Hi! im starting to run again after a year off (hurt and mostly LAME excuses). The first time I EVER decided to start running was out of the goal to do a half marathon and I did it with gym time, convinient running location and all the stars aligning. I felt pretty lucky and i finsihed three hlaf marathons and then i got hurt, moved, and spent the worst and coldest winter of my life in Boston. I, like many other marathon dreamers was hoping to get to the finish line of the Boston Marathon some day and was goig to use it as my starting point to getting back to running. Sadly the events that transpired are now my inspiration to run... But since having the desire but not the form or the physical stamina to start running again, I realized looking back to the time when I did run, that the TWO most important aspects for getting started on running were the following:


    1. commitment to doing 20 minutes a day of 'running'- as in no matter what, make it a priority. Make it a MUST do activity in a positive light of course. A daily choice! It's a daily success that way when you DO make it out and go for a 'run'. I say run because you can walk, skip, jog, or run but all in all it's a part of your goal to run!!

    2. I needed to build up my confidence that i COULD go for three miles without stopping. It seems to me that once you hit three miles steady you are a runner. To accomplish this in a sure way that wouldnt cause discouragement or seem overwhelming I used these podcasts  The music is a little off and can not be to your liking, but the timing of the run/walk combinatios is PERFECT for building your tammina and makign you feel challenged and accomplished each day.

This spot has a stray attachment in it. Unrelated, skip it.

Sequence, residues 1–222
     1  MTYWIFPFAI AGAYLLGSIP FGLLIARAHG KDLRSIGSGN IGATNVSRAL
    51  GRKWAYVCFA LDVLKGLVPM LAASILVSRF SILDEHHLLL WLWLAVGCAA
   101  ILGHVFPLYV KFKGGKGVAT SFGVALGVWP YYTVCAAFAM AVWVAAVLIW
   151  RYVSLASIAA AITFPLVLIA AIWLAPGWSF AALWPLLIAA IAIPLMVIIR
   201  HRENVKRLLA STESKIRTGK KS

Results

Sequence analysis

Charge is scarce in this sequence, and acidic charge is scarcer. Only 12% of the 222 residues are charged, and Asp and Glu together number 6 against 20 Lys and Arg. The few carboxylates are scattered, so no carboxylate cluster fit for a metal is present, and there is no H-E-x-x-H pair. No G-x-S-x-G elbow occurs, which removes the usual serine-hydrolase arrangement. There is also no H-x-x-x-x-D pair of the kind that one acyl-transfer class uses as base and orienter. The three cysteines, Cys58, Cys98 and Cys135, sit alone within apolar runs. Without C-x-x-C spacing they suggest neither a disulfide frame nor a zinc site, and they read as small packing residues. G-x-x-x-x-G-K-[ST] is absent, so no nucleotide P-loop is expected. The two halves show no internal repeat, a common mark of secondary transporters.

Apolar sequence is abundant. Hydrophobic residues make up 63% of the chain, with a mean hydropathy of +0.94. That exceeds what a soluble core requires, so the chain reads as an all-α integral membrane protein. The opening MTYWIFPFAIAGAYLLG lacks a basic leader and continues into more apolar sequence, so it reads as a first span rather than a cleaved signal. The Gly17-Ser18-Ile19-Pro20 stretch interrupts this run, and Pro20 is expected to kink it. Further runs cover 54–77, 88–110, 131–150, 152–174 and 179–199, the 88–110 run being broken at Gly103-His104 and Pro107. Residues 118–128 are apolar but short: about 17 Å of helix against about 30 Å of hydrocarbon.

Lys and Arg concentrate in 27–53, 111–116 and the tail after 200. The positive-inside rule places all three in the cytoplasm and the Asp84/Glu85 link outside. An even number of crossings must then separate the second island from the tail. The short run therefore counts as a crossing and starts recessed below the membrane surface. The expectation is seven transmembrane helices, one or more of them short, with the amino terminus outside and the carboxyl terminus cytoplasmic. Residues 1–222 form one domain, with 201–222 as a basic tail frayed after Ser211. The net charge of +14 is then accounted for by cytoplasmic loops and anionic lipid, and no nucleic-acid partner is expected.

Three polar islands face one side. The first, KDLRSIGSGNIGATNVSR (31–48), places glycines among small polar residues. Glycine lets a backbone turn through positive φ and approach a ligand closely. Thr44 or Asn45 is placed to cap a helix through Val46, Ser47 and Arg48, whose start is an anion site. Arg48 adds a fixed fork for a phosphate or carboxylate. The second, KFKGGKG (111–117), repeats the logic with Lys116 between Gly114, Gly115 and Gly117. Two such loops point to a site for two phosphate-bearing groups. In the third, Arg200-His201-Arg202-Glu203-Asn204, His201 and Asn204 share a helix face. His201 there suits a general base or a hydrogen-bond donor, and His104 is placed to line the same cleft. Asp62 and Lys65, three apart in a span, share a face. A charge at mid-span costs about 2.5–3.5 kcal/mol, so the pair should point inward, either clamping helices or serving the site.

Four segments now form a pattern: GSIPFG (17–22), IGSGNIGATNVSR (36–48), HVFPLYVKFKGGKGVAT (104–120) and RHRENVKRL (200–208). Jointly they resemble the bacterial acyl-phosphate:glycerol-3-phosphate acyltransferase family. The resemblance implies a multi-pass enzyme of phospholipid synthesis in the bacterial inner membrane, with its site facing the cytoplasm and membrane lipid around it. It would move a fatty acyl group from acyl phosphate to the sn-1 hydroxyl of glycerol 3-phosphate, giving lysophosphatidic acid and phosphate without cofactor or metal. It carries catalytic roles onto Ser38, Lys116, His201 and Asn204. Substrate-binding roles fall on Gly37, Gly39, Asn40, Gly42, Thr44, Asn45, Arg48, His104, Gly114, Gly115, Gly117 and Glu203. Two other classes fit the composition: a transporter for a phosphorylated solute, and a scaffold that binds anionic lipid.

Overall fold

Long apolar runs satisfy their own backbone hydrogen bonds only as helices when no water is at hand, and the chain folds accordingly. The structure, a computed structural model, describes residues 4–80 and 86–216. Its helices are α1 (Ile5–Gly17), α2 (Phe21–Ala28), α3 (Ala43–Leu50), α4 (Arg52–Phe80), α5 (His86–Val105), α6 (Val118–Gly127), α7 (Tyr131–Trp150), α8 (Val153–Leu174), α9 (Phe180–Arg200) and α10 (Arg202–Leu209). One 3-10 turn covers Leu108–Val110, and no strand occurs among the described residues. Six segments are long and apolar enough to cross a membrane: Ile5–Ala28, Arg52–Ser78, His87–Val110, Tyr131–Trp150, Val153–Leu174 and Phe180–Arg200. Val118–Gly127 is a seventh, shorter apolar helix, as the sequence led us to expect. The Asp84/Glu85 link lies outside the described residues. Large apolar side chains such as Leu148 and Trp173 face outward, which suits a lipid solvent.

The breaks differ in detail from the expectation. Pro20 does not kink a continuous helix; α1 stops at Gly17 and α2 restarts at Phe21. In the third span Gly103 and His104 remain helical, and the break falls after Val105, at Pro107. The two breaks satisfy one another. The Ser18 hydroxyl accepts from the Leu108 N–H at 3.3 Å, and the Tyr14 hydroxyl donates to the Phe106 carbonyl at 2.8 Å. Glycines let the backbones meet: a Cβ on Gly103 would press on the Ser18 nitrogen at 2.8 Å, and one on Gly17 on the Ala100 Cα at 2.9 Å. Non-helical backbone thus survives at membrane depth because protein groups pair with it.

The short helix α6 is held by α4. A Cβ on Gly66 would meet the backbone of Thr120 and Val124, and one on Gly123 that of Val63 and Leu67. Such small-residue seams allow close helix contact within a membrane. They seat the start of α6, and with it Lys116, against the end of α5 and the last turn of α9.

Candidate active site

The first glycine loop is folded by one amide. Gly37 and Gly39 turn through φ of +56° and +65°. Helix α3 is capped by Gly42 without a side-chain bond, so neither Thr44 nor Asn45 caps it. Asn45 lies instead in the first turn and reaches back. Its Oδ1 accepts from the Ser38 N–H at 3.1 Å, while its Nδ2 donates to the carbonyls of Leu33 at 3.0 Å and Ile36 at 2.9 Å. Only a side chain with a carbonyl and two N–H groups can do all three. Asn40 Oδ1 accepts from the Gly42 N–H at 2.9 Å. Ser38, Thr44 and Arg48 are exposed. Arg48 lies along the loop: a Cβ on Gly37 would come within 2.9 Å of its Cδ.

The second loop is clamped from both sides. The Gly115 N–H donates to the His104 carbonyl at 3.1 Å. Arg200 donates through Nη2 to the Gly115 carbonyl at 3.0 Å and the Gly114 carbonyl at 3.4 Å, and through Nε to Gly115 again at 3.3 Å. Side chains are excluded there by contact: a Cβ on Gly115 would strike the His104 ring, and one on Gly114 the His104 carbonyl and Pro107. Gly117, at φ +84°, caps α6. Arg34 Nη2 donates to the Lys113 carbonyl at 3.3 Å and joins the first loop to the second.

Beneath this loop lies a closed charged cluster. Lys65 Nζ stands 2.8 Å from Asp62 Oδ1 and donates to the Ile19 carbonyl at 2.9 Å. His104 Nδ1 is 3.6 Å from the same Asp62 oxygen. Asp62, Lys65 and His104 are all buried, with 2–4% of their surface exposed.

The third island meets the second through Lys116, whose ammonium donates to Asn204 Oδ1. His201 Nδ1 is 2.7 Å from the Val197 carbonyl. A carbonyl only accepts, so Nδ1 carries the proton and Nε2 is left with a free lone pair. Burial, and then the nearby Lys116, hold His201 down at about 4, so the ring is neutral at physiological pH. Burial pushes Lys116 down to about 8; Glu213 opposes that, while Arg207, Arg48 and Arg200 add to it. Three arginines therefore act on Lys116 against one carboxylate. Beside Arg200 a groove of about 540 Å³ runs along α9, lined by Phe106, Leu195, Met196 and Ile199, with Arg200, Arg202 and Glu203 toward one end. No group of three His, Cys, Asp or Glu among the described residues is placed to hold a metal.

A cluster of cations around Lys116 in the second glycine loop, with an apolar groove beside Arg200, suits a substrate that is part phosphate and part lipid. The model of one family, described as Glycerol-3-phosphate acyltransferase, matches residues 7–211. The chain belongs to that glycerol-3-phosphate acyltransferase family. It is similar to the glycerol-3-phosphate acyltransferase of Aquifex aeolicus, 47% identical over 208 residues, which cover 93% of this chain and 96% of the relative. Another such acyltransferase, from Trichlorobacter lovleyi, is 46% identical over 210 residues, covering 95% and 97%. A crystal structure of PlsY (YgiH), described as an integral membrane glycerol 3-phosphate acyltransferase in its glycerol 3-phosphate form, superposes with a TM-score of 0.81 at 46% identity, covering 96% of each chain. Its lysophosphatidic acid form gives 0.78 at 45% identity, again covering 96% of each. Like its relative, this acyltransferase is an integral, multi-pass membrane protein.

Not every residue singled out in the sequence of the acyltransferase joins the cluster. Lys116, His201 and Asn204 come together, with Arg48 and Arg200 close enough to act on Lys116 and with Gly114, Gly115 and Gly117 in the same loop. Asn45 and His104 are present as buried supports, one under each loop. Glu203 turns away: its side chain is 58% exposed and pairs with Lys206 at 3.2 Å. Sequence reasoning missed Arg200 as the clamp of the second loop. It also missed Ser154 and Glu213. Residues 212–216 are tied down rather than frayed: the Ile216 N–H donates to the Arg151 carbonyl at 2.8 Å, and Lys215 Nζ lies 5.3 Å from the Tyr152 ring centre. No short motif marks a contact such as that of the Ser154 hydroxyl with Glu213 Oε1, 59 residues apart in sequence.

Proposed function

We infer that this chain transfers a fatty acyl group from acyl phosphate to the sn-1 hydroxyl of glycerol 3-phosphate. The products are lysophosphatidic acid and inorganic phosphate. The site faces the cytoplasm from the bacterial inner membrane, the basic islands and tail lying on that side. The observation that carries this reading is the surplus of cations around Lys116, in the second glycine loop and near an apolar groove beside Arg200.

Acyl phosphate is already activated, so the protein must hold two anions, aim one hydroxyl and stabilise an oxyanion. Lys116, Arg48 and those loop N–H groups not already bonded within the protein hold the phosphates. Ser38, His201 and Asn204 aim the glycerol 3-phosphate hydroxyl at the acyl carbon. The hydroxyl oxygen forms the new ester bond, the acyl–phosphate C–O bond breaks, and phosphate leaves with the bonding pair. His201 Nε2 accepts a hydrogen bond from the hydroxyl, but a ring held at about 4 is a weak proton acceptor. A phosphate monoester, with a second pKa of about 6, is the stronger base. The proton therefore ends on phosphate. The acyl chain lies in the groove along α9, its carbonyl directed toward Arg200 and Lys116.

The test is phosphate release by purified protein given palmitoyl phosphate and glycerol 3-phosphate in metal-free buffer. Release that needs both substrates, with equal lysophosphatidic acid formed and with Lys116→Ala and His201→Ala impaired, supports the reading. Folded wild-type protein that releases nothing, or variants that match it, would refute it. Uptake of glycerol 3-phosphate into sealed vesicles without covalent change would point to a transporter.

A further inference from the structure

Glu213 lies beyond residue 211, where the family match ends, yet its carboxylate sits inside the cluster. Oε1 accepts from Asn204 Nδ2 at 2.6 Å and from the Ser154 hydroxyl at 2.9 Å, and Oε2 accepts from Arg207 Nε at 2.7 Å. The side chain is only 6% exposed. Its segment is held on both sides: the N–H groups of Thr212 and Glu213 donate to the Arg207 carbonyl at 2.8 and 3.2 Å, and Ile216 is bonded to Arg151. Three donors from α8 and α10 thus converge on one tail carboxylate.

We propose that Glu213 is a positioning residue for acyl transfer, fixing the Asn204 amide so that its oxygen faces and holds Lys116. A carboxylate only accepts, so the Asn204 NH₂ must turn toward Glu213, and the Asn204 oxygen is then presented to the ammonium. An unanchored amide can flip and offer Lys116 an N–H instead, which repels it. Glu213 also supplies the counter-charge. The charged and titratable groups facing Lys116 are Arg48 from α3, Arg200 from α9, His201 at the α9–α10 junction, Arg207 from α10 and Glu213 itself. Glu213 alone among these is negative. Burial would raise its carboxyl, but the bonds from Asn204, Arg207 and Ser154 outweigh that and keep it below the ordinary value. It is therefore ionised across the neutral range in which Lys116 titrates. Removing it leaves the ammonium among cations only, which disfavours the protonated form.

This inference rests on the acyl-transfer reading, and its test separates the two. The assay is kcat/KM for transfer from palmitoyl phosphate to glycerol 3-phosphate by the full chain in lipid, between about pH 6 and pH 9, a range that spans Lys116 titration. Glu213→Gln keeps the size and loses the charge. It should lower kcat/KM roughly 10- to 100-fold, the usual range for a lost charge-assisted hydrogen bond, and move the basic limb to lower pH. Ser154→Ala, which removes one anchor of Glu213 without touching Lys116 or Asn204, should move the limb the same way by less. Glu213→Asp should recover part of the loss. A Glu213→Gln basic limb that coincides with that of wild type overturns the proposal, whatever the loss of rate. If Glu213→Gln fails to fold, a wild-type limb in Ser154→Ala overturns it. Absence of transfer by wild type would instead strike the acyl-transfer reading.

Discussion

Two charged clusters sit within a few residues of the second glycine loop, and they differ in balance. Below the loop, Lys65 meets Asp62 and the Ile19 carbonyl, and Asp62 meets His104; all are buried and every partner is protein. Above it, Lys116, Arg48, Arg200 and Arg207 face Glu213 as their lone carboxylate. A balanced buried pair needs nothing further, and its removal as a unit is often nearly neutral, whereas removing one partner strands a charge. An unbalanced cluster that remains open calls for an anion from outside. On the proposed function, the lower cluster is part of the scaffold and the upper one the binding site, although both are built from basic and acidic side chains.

I also wrote a little blog for my running group to motivate people or at least to share a little bit about what i feel like gettign those first five minutes are really the tough ones!


    BEST OF luck. You can doooo it!


  • BeckyGresslin Rookie 1 posts since
    Jul 31, 2012
    Currently Being Moderated
    5. May 17, 2013 9:14 AM (in response to CristineKrep)
    Born again Newbie

    Hi Cristine.


    Is it possible for you to change into your running clothes before you leave work? That way, when you get home, you can just hit the road without thinking about it or getting distracted.  Even better would be to find a place to run on your way home from work so by the time you get home, you are already done with your run.


    Just a thought.


    Good luck!